When we started exploring how blockchain technology and distributed ledgers over five years ago, one of the first use cases I envisioned was called ‘Field to Fork’. Whilst the rest of the world was thinking about how they could become millionaires from crypto-currency, I could see the power of blockchain would solve the issue of proof of provenance, amongst many other things, far beyond crypto.
If it’s Columbian coffee, Manuka honey, genuine maple syrup or New Zealand lamb the principles are the same, proof of provenance is key and, the same rules apply to Prada handbags, Peruvian asparagus and yes, digital currency.
What is blockchain?
Firstly, let’s explore what, in essence, blockchain is. Blockchain or distributed ledger technology (DLT) is a technological protocol that enables data to be exchanged directly between different contracting parties within a network without the need for intermediaries. The network participants interact with encrypted identities (anonymously); each transaction is then added to an immutable transaction chain and distributed to all network nodes.
The ramifications of this technology are profound. Trust is key in any transaction. To take place a transaction requires the buyer to believe that the seller will deliver their goods or services. A transaction built around Blockchain removes any element of surprise. It’s the lack of surprises and the implicit trust that blockchain delivers that makes it so important for the agricultural industry.
Agriculture and provenance
I mentioned at the start of the piece some foods that rely on where they originate to drive their value. After all, honey, not called Manuka may taste different but why the high price? Blockchain can prove provenance really quite simply. Once a product is ‘made’ from a jar of honey, a leg of lamb, or a bottle of fine wine, that product is then listed on a blockchain. From the point of production to the point of sale, or consumption a cryptographically secure ‘key’ can track its journey and, ultimately, prove what is and where it comes from.
This key doesn’t need to be used for high-value foods whose place of origin is inherent to that products brands either (think Parmesan cheese), ‘fake food’ is becoming a problem, especially in places like China.
Blockchain and ‘best before’
With many products, especially fruit and vegetables, touch, taste, and smell will tell you how old it is. But, as agri-tech innovation increases, especially around prolonging the shelf life of food, blockchain could also ensure the food we eat is fresh. It wouldn’t take a huge leap of faith to imagine a consumer walking around a supermarket with a smartphone, scanning a product via a 2D barcode linked to a blockchain and seeing not only where the goods came from but when it was produced and what journey it took — from field to fork.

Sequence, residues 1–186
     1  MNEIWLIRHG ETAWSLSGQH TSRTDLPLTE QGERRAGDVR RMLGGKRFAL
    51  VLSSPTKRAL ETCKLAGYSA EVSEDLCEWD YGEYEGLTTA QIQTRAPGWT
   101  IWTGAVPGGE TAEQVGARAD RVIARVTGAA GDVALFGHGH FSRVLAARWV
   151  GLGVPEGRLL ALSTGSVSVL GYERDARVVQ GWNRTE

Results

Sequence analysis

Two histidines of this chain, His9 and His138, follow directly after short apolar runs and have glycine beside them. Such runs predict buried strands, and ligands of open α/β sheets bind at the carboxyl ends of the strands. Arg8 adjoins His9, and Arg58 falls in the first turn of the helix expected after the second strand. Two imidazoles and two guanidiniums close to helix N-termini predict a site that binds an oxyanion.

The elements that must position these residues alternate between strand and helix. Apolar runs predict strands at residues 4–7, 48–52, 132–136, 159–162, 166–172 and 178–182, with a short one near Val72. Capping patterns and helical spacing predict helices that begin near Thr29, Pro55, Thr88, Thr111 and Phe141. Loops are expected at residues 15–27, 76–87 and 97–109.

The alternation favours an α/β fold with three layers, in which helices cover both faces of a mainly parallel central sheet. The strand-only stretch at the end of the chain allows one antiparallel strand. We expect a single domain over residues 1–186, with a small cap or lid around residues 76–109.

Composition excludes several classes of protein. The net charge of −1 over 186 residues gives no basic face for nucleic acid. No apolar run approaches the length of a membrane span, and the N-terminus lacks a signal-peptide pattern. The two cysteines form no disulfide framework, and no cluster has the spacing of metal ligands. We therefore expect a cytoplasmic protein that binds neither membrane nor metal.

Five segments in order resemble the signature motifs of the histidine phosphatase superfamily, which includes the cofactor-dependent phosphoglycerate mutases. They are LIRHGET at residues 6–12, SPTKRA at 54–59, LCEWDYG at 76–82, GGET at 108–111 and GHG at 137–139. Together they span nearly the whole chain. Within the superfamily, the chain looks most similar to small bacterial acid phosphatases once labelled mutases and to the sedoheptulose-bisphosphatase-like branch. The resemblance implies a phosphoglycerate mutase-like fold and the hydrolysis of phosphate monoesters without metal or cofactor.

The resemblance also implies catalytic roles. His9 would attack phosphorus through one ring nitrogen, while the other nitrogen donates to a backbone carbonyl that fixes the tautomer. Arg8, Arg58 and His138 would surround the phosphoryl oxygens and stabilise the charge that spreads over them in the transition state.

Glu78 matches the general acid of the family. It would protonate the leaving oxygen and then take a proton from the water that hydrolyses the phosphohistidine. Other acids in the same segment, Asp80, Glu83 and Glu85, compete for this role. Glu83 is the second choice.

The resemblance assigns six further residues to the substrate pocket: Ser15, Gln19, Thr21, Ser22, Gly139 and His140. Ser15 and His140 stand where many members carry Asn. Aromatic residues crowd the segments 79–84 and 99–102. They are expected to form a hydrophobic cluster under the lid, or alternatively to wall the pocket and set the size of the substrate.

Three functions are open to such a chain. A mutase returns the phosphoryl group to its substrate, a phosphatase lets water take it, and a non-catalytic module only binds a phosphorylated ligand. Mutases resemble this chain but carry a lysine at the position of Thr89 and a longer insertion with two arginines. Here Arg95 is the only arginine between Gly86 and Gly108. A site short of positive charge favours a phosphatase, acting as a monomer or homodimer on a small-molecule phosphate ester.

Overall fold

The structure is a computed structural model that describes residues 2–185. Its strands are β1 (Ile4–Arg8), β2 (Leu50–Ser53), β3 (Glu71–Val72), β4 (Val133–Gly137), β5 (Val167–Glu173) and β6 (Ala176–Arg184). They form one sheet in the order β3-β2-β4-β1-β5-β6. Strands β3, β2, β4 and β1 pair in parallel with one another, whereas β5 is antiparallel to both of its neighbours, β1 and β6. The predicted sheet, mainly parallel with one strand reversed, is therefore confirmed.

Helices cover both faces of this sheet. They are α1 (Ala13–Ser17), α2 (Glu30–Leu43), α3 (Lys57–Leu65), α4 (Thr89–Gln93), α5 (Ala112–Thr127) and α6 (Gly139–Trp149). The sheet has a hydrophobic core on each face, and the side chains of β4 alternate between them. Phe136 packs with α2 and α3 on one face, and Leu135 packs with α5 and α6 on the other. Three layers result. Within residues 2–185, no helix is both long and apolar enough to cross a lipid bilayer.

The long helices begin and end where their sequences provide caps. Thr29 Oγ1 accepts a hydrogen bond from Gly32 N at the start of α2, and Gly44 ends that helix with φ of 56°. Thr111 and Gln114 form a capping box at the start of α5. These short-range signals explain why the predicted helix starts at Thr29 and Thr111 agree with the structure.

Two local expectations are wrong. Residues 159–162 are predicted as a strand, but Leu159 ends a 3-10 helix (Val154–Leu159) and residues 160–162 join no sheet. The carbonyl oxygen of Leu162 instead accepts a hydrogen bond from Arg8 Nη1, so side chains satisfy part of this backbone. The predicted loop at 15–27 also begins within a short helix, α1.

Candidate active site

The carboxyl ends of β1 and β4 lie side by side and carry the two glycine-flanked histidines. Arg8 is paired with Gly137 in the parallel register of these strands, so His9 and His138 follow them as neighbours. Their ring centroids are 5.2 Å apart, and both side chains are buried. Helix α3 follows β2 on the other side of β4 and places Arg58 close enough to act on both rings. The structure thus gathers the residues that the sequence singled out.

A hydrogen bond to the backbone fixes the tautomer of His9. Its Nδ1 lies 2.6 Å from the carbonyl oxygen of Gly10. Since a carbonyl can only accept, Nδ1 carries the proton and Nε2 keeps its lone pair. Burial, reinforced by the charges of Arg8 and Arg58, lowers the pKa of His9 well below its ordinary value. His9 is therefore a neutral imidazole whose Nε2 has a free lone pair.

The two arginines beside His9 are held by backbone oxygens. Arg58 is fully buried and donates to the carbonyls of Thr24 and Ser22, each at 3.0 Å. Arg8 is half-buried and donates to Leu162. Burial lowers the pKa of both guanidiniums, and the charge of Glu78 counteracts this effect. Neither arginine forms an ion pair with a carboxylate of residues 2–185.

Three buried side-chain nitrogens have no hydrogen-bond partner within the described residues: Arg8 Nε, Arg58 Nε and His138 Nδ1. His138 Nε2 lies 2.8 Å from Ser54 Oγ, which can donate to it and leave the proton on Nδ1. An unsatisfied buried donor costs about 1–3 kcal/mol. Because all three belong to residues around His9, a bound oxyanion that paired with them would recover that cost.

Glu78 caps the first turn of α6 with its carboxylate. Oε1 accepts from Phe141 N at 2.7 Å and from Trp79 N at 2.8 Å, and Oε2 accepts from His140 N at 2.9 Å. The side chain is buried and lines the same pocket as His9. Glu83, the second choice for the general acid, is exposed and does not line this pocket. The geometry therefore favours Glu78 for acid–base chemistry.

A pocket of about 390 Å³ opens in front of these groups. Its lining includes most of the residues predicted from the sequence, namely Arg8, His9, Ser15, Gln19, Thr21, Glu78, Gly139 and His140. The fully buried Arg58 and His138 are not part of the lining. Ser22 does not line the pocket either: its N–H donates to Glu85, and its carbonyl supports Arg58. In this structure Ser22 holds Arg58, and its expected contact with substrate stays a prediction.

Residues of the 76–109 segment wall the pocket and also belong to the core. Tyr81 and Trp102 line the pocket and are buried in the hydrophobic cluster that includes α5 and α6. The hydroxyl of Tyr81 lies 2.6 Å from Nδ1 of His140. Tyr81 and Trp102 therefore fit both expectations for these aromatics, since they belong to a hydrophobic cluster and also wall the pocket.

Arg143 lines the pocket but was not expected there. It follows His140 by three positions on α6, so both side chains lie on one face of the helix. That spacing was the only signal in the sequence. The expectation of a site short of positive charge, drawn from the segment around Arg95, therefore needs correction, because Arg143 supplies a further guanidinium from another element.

The value of blockchain for the food producer
Logging the production and distribution of food on blockchain needn’t be only beneficial for the consumer, producers will benefit too. If we consider the fishing industry, most developed markets now place quotas on fishermen to protect stocks. With something as simple as a smartphone app the fisherman can log his catch. This ‘transaction’ is then logged on the blockchain and an immutable record is created. Another scenario might be a producer of Manuka Honey. If the producer logs each batch onto a blockchain and then sells to a wholesaler who then sells onto a distributor (a chain of supermarkets) he will be able to see which distribution channel performs the best and what his product retails for. Blockchain can afford instant business intelligence for the producer with total transparency.
Total control and complete transparency
If you want to make a representation of a food product or commodity with certain characteristics and track that item in a supply chain, it is important that you cannot make copies of that item. Otherwise, one could, for example, claim that you sell the same Parmesan cheese by reusing the same digital identity over and over again.
If blockchain is embedded at the heart of the production and distribution process we can be sure there is no risk of copying and “double spending” or “double selling”. Each characteristic of the food such as certificates of fair trade or limited production cannot be duplicated or replicated.
A central database could, potentially, accomplish the same objective, but only if there is implicit trust in the owner of the database. On top of this factor, the parties being part of the supply chain and their actions will be public or known by those who can access the database, legitimately or by illegal means. This may not be good for competitive reasons and privacy. The distribution of goods contains sales figures that, are commercial in confidence.
Beyond CryptoBitcoin was the first to solve this ‘double-spending’ problem. There is no reason why the production of food can’t be the next industry to benefit from the transparency that blockchain offers.